Welcome to the Alternative Cameras Forum

Discussion in 'Extreme, Retro, Instant and More' started by mottershead, Jun 14, 2005.

  1. Welcome to the new Alternative Cameras forum. This forum is for
    discussion of pinhole and zone-plate cameras, cell-phone cameras,
    disposable cameras, and "toy" cameras such as Lomos, Holgas, and
    Dianas. This forum is set up to allow posting of images. Feel free
    to upload your "Alternative Camera" images to illustrate your post.
    You may also start "No Words" threads.

    Please do not use the forum to request critique of your images. Post
    them in the photo.net Critique Forum instead.
     
  2. Thank You! X 3
     
  3. Neat, thanks Brian!
     
  4. Well done, looking forward to this for some time!
     
  5. Looks like I'm gonna have to take my husband's pinhole camera for a spin.
     
  6. Fantastic! Thanks, Brian. Hopefully we can include SX-70's, Spectra film cameras, and Polaroid transfers in this as well.
     
  7. Cool, yes to polaroids, a very exciting day, clap, clap. Danger approved.
     
  8. ok....let me ask a question then, as a total neophyte in this area of cameras. Zeroimage's Zero 2000 camera....can the 120 film be loaded and unloaded in daylight? Meaning, I can change film with it anywhere I want to (of course not direct sunlight). I've always avoided these "alternative cams" mainly because you gotta futz with them so much, it takes all the fun out of photography.

    And, if I order the Zero 2000 pinhole camera, can it be changed back and forth to a Zone-plate camera............or do you buy one or the other (pinhole or zone plate). As you can see, i'm rather clueless when it comes to these things
     
  9. Tom,

    The answer is yes. I can even change 120 film in direct sun light ;-) Make sure it is
    wrapped tight when you take it out.
     
  10. Deeply ... deeply ...<p>
    <img src="http://d6d2h4gfvy8t8.cloudfront.net/2064856-lg.jpg">
     
  11. Thomas,

    As a Zero 2000 owner, I always make sure I have my film changing bag with me (stuffed into the bottom of my camera bag) when I'm out. From my experience the Zero 2000 winds the film with a lot of tension, so it's tight when you go to take the film out. I don't think I've experienced a spool that wasn't perfecly wound upon extracting it from the camera.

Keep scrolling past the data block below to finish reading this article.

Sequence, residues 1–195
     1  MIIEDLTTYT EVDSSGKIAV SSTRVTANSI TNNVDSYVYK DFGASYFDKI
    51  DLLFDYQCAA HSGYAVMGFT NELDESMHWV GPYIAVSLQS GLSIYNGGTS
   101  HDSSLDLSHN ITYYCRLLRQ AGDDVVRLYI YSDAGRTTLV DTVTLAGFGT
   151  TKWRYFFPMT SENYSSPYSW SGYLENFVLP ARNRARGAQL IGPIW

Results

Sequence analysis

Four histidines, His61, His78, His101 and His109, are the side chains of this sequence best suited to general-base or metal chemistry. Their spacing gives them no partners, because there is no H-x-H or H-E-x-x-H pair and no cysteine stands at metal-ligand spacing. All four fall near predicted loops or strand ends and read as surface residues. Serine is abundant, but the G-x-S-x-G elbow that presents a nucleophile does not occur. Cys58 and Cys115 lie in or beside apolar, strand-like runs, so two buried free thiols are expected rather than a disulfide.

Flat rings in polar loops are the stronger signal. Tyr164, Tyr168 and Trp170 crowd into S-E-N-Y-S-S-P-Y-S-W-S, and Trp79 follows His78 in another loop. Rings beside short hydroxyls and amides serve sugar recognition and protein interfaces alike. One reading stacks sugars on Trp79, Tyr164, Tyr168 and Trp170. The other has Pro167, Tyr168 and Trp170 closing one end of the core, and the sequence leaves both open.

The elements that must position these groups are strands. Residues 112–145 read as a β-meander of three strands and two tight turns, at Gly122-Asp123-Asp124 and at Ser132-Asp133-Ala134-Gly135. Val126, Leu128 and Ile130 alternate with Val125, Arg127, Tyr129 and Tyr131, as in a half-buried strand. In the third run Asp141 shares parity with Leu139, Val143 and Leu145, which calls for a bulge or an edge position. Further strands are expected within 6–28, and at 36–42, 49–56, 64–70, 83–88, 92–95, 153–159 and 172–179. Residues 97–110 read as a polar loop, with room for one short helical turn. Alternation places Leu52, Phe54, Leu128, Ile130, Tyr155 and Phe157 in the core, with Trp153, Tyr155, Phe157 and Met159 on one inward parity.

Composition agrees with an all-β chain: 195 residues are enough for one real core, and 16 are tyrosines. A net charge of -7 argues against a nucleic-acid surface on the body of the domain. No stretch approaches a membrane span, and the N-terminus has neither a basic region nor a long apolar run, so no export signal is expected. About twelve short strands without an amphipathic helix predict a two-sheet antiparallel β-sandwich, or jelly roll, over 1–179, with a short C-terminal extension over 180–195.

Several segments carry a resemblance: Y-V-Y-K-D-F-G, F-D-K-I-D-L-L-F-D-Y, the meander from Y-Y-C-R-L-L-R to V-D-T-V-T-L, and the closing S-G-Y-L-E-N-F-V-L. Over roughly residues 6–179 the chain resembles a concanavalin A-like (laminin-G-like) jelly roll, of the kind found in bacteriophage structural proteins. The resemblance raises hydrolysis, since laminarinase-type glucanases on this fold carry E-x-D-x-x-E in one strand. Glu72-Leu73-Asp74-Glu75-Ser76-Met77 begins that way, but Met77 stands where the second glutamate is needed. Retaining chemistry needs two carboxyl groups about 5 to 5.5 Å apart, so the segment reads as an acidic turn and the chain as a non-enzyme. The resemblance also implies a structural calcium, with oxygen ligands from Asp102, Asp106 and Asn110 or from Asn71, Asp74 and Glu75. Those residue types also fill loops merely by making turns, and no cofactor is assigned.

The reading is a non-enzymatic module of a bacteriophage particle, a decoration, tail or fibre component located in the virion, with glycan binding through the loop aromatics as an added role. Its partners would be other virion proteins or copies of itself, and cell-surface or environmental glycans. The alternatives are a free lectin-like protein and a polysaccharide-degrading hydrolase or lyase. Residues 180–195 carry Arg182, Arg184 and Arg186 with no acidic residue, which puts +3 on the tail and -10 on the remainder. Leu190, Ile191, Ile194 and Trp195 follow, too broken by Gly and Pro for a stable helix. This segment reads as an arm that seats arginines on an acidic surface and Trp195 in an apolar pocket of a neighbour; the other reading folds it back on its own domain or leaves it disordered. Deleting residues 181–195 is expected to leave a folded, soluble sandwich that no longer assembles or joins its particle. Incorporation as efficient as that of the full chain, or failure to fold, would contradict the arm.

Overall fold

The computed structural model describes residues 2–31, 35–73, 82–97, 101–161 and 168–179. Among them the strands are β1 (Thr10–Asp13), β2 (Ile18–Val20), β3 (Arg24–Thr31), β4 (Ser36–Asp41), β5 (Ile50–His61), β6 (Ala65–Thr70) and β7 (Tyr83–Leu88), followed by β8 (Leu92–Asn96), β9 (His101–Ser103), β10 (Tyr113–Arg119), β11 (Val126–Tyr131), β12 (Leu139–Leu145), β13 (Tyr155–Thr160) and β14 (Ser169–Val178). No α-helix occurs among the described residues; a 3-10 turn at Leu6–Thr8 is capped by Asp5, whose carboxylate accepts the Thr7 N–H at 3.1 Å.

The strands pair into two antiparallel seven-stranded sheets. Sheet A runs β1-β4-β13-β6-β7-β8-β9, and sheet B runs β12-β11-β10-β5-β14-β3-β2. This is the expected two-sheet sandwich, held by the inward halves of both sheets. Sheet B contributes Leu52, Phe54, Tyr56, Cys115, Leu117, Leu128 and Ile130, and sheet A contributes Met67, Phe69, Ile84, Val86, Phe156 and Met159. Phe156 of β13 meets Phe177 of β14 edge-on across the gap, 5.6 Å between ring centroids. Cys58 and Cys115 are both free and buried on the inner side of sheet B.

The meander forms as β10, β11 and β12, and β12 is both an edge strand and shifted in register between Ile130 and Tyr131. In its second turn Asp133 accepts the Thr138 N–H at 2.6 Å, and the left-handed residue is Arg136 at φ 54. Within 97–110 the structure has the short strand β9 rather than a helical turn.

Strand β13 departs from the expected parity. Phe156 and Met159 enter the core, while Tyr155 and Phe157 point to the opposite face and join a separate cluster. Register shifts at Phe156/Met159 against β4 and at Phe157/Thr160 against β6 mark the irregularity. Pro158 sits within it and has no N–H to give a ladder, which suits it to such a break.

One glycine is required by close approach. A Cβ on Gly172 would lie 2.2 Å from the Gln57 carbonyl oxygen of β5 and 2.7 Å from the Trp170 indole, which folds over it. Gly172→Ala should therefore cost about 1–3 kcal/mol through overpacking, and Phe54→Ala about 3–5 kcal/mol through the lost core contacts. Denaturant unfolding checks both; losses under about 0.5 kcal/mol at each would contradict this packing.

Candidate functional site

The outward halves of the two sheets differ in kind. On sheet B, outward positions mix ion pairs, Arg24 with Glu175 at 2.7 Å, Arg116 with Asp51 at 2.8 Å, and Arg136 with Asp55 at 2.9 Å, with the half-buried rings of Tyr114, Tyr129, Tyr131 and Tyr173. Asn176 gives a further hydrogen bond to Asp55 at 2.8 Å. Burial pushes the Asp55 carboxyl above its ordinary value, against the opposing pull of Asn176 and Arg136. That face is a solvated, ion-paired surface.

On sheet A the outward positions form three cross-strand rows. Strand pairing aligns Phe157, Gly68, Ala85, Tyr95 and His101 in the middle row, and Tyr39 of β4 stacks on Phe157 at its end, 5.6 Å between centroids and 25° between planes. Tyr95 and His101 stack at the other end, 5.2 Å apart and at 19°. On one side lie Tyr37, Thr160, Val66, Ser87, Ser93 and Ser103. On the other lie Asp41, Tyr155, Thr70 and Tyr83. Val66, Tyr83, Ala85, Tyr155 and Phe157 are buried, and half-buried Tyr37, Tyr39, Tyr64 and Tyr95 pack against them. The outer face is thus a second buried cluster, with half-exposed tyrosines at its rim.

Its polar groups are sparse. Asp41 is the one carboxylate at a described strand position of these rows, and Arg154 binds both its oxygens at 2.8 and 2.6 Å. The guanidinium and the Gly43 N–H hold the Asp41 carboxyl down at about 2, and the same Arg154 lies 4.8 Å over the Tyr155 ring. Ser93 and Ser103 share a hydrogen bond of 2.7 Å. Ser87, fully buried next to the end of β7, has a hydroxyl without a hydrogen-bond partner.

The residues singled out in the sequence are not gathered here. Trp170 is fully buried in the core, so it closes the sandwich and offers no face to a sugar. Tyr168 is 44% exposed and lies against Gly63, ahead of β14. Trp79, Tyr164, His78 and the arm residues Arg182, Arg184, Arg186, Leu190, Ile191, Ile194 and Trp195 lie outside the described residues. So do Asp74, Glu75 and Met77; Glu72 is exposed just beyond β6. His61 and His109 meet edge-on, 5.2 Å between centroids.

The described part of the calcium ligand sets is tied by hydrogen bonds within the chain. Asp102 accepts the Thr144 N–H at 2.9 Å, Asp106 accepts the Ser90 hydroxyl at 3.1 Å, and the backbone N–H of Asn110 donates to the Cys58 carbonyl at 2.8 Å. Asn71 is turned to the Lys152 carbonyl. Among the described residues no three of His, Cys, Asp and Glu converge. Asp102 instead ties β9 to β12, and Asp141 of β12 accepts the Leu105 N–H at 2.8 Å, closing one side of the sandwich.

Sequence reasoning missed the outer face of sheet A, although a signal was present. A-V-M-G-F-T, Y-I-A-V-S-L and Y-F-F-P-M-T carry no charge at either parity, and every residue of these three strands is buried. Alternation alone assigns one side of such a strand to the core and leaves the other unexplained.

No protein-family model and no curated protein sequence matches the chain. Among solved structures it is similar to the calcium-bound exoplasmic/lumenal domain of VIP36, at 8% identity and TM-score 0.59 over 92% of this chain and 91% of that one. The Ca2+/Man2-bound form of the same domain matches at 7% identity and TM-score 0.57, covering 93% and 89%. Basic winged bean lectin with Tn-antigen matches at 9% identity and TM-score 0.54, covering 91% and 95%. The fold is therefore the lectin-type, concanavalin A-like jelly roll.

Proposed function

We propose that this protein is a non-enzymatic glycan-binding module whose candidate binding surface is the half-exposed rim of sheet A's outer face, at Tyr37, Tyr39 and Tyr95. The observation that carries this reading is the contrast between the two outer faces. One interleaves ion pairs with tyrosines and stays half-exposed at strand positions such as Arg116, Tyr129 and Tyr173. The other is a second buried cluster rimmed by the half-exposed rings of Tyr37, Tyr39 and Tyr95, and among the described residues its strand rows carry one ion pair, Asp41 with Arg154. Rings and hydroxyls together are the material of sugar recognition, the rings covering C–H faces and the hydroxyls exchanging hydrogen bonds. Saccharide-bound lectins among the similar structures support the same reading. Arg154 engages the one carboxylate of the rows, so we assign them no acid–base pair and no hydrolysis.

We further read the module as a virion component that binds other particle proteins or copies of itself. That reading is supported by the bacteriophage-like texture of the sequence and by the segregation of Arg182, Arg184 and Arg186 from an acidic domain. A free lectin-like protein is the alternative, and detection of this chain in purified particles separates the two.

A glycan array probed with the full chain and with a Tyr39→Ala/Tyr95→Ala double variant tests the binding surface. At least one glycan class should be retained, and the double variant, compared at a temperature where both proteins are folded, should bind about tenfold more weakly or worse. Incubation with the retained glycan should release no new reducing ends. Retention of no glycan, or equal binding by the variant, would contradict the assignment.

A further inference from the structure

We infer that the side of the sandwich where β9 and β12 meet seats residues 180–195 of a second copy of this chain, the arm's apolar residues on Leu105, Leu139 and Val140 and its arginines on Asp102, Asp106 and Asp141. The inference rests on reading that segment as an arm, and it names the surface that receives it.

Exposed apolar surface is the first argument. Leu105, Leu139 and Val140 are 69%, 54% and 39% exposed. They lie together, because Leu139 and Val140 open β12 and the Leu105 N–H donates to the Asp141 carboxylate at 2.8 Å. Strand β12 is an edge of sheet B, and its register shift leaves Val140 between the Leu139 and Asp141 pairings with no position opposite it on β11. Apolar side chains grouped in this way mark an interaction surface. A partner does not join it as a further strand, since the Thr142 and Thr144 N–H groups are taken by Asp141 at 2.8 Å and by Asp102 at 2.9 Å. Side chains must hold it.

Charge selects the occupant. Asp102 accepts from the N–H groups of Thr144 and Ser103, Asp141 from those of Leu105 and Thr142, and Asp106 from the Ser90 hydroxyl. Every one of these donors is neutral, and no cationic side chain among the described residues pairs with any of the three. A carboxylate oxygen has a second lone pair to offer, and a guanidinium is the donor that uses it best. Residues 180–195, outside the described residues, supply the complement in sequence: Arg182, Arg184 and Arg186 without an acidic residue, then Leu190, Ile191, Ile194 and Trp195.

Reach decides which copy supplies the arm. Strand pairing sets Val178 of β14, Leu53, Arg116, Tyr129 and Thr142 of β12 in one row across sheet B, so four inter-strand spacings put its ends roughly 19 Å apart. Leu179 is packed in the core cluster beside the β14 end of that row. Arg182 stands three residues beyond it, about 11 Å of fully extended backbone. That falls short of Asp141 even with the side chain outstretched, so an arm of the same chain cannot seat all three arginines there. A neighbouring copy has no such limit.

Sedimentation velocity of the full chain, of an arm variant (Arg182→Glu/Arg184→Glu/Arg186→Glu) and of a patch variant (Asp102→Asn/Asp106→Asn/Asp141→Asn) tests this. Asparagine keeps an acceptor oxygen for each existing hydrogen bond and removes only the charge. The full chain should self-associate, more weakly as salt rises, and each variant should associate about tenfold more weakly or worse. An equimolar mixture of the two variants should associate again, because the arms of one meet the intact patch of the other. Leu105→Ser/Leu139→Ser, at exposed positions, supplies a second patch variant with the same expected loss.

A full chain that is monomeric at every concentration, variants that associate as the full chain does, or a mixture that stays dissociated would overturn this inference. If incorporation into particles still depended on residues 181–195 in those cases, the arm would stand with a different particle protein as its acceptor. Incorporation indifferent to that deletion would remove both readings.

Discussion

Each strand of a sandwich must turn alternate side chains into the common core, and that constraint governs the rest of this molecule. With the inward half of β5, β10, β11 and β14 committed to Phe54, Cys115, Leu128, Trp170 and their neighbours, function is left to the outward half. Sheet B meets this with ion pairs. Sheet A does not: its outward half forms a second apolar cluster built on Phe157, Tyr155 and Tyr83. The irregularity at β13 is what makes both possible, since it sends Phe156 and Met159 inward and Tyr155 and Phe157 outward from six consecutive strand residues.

However, for those "just in case" moments I still have the changing bag with me and I still use it. Maybe it's a case of too much worry for very little risk, but the bag doesn't take up very much space and it puts my mind at ease. (Or maybe I'm just gun-shy from using the Holga?) :)

    That said, the Zero 2000 is a wonderful camera. I don't have any experience with the zone plate, sorry. I would recommending sending Zero Image an email with your question. They're quite responsive.
     
  12. i have a couple models of Zero Image cameras and they are beautiful and easy to use. but, it is even more fun to make your own. i have found the simplest to be to get an old 120 camera, punch out the lens and if you can save the shutter fine, if not just use a flap for a shutter over your hand made pinhole and away you go. lots of info on the 'net for making your own. then if you like the medium you can spend the bucks on the pro models. here is one i made....
    [​IMG]
     
  13. thx, Brian yeah!!!!!!!
     
  14. Thank goodness - I've been thinking we needed this forum for quite a while.
    Now we'll know where to post all those Holga shots (and Kermit the Frog
    camera shots!).
     
  15. With many cameras that were originally a step or so above the consumer "snapshot" variety, it's also possible to remove the lenses in a reversible fashion -- that is, so you can put them back at a later date if so inclined. I've done this with one of the two (bayonet mounted, interchangeable) Compur shutters I have for my Zeiss-Ikon 250/7 Ideal plate camera; the Tessar lens glass is carefully stored away, replaced by a simple pinhole in a back posterboard mount that slips into the shutter's threads. This allows me to switch between pinhole and lens, even during a single session. Any camera with interchangeable lenses (from an Argus to a Zenit) can be converted to pinhole operation by drilling through a body cap and mounting a pinhole; if the camera has a focal plane shutter, you're all set, but if it's like a Hasseblad you may find you need to play more games to get useful exposure times (the 'Blad's mirror will be acting as the shutter, since you've removed the lens that has the real shutter leaves inside). Again, to change back to lens, just remove the body cap and reinstall a lens. Even DSLR can work this way, though I've heard a number of reports that dust entering through the pinhole can settle on the sensor, and cleaning the sensor is a delicate and nerve-wracking operation, especially the first time.
    00CYqu-24166084.jpg
     
  16. What a great idea --- it's about time!
     
  17. Brian; I am assuming that for those of us who collect certain "point and shoot" models we can participate here as well with our plasticky stuff.....
     
  18. What a great idea! I am always fooling around, making something out of nothing, like a Polaroid 95 6X9 roll film camera, 3X4 inch Spam can and other pinhole cameras, the infamous 4X5 box camera with focal plane shutter, etc. I am now in the process of building a 4X5 monorail camera with full movements. After all, if one has a nice bellows and lots of hardwood cut offs, how can one resist the temptation?
     
  19. Hey Glenn - didn't realise you were making a 4x5. Sounds great. Any work-in-progress shots yet? And curious to know what kinds of wood you're using ...
     

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